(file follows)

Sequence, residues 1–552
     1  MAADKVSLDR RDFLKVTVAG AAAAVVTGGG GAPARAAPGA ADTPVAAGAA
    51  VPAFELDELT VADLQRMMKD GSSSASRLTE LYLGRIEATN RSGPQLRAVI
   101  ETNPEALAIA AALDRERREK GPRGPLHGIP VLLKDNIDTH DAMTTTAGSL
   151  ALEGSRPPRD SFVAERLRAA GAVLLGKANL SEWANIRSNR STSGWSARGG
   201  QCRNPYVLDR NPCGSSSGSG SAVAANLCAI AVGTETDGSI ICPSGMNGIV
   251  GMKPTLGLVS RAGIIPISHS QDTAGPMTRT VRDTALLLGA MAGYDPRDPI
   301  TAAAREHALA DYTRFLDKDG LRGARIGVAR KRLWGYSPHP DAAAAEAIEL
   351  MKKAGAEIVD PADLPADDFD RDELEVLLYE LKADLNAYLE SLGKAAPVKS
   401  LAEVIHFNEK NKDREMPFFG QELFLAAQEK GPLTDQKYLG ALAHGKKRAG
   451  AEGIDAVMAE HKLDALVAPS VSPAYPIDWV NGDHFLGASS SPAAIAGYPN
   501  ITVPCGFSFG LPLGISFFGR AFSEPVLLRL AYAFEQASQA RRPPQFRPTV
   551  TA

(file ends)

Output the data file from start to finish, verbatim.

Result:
Sequence, residues 1–552
     1  MAADKVSLDR RDFLKVTVAG AAAAVVTGGG GAPARAAPGA ADTPVAAGAA
    51  VPAFELDELT VADLQRMMKD GSSSASRLTE LYLGRIEATN RSGPQLRAVI
   101  ETNPEALAIA AALDRERREK GPRGPLHGIP VLLKDNIDTH DAMTTTAGSL
   151  ALEGSRPPRD SFVAERLRAA GAVLLGKANL SEWANIRSNR STSGWSARGG
   201  QCRNPYVLDR NPCGSSSGSG SAVAANLCAI AVGTETDGSI ICPSGMNGIV
   251  GMKPTLGLVS RAGIIPISHS QDTAGPMTRT VRDTALLLGA MAGYDPRDPI
   301  TAAAREHALA DYTRFLDKDG LRGARIGVAR KRLWGYSPHP DAAAAEAIEL
   351  MKKAGAEIVD PADLPADDFD RDELEVLLYE LKADLNAYLE SLGKAAPVKS
   401  LAEVIHFNEK NKDREMPFFG QELFLAAQEK GPLTDQKYLG ALAHGKKRAG
   451  AEGIDAVMAE HKLDALVAPS VSPAYPIDWV NGDHFLGASS SPAAIAGYPN
   501  ITVPCGFSFG LPLGISFFGR AFSEPVLLRL AYAFEQASQA RRPPQFRPTV
   551  TA